Heading into last season, the TE position was arguably as strong as it had ever been for fantasy football owners. Jimmy Graham and Rob Gronkowski were coming off record-breaking years, and veterans Jason Witten, Tony Gonzalez, Antonio Gates and Vernon Davis were still seen as stars. Young guns like Jermichael Finley, Aaron Hernandez, Brandon Pettigrew and Jermaine Gresham seemed on the verge of breakout campaigns, and steady producers like Owen Daniels, Greg Olsen and Heath Miller were available late and more than capable of functioning as TE1s.
Heading into this year's draft, the TE landscape is completely different. The injury-prone Gronkowski might not be ready for the start of the season; Hernandez is behind bars; Gates and Finley both took steps back last season; Davis is a question mark because of his role in San Francisco's revamped offense; Dennis Pitta is out for the year because of a hip injury; and Miller will likely miss time after tearing his ACL last season.
Suddenly, TE is the thinnest position in fantasy, with virtually every player not named Jimmy Graham coming with some sort of risk. This makes navigating the draft difficult, but you can make it work if you assess the type of team you have and figure out what type of TE is best for you. Let's break it down.
The big debate last year was whether Graham and Gronkowski were worthy of first-round picks. Few are debating that this year after Graham saw his yards drop from 1,310 in '11 to 982 (with one fewer game) and Gronkowski underwent several offseason procedures on his forearm and back. Still, Graham and Gronk are clearly the class of this position.
Graham has distanced himself from Gronk because of the injury concerns. Even if the Patriots star is ready for Week 1, the likelihood of another injury is higher. But with 39 TDs the past three years (tied for second overall with Adrian Peterson), no one's better when they're on the field.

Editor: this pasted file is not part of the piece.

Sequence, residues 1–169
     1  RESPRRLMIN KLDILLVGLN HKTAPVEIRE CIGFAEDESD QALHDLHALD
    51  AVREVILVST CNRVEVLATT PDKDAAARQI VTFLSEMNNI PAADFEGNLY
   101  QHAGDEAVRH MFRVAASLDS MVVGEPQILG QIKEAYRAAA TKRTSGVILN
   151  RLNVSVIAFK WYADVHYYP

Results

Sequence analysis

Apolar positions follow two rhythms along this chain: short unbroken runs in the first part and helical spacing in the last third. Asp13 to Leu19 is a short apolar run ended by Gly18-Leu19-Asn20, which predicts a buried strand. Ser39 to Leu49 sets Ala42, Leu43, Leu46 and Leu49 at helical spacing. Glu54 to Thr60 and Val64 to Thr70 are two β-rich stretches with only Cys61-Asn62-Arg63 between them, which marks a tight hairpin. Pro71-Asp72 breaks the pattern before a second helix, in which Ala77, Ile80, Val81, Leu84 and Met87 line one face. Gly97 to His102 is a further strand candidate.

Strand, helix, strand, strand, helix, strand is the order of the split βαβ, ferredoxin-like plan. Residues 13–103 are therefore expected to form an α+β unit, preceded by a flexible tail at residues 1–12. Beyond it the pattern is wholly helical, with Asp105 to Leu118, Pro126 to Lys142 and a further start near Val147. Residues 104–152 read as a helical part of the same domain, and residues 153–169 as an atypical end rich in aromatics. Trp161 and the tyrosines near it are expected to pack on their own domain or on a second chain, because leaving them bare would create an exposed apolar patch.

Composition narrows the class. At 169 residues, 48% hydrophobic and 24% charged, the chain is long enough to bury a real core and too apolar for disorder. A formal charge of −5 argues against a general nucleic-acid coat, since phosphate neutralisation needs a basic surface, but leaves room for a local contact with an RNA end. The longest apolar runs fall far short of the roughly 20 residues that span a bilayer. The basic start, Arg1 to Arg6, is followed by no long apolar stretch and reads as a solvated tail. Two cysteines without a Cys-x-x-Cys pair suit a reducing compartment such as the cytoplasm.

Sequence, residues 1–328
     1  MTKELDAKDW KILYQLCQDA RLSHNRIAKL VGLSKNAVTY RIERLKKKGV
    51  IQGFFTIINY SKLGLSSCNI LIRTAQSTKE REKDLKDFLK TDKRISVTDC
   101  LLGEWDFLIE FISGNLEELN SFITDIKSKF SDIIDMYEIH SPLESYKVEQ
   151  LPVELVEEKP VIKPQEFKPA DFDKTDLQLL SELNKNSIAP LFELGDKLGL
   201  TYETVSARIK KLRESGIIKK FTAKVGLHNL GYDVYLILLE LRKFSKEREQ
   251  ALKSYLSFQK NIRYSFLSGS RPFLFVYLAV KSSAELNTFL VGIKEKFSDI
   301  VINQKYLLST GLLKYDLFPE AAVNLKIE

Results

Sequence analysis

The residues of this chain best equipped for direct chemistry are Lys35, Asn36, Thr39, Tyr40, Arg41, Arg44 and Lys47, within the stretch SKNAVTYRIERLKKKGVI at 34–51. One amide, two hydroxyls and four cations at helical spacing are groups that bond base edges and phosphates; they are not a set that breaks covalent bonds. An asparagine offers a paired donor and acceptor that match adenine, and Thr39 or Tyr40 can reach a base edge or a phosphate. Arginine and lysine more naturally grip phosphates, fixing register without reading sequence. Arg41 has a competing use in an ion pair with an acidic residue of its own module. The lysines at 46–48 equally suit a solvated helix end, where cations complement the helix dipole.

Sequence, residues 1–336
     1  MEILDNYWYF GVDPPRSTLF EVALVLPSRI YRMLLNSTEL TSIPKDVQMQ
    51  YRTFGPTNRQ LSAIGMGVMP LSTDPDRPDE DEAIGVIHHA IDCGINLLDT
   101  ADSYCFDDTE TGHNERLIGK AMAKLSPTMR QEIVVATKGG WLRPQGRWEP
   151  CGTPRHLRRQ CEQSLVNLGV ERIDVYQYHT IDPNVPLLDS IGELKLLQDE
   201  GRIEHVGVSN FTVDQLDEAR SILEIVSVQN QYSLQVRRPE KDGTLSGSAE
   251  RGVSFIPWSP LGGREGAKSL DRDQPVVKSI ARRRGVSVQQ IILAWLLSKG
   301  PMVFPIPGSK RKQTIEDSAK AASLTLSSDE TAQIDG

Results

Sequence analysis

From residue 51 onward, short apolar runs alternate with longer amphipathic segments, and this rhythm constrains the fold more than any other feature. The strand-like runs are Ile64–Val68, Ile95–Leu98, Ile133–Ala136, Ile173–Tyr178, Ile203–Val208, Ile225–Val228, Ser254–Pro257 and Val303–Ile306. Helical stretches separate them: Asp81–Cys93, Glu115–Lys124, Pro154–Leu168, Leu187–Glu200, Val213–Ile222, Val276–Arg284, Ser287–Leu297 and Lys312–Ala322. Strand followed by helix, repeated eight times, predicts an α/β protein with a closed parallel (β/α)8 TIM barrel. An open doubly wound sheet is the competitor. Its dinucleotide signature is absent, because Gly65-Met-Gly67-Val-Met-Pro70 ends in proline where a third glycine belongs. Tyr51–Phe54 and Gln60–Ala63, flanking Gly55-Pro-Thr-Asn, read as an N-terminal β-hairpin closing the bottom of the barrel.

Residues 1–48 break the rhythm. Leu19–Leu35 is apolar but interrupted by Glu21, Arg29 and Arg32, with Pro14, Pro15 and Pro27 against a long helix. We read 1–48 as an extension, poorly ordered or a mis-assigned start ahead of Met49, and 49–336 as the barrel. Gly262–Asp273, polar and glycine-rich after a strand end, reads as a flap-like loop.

Draft tip: Assuming Gronk has a clean bill of health for Week 1, both him and Graham should be gone by the end of the second round. But fantasy owners seem a little skittish on both this year -- likely because neither lived up to the hype last season. Also, fantasy owners tend to get hung up on names, and when you draft a TE that early, your WR2 or WR3 might not look great on paper. But, production wise, you have to look at Graham or Gronk as your WR2, then look at your WR3 as your TE. If, say, Miles Austin was your “tight end,” you'd be fine with that, so don't worry about taking Graham or Gronkowski early.
THE ALMOST ELITE
Assuming Gronkowski is ready for Week 1 and goes in Round 2 or 3, it will be a 9while before the next TE is selected. Tony Gonzalez, Jason Witten, Vernon Davis and Greg Olsen (my order) comprise the next tier, and all should provide pretty steady production, with the possible exception of Davis.
Gonzalez, who was the No. 1 TE most of last year before ultimately dropping to No. 3, is still going strong, posting 930 yards and seven TDs last season. Aside from steady production, Gonzalez's best attribute is his durability – he's only missed two games in his 16-year career. Witten can do him one better – he's missed just one game in his 10-year career. Witten's 149 targets last year were easily tops among all TEs (giving him more value in PPR leagues), and he produced his fourth 1,000-yard season in his past six campaigns. In that span, Witten has never had fewer than 942 receiving yards. However, he only managed three TDs, and in three of the past four seasons, he's had fewer than six scores. That's the only thing keeping Witten from being “Elite.”
Olsen (career-high 843 yards last year) is essentially the No. 2 receiver in Carolina's offense, and he thrived in the second half last season, averaging 8.6 fantasy points per game in a system that Carolina is expected to run more under new offensive coordinator Mike Shula. Davis did the opposite once Colin Kaepernick was under center for the 49ers, scoring just 6.1 total points in San Francisco's final six games. But Davis was a monster in three postseason contests, catching 12 passes for 254 yards and a score. With Michael Crabtree (Achilles') out, it seems likely that San Francisco will lean on Davis more than ever, but he might be the riskiest of this group.
Draft tip: These TEs will likely start going off the board at the end of the sixth or the beginning of the seventh round in standard, 12-team leagues. If you feel you have a roster full of “safe” players (read: not injury-prone, generally not boom-or-bust), then getting Davis isn't quite as risky. But if you took some gambles early, getting a steady producer like Witten, Gonzalez or even Olsen is a nice way to stabilize your roster.
THE COULD-BE ALMOST ELITES
There isn't a good way to characterize the next tier of TEs, other than to say there's a good chance at least one finishes as a top-six guy, at least one will be a total bust, and the rest will likely be serviceable starters. Jermaine Gresham, Owen Daniels, Kyle Rudolph, Antonio Gates, Dustin Keller, Jermichael Finley, Fred Davis, Brandon Myers,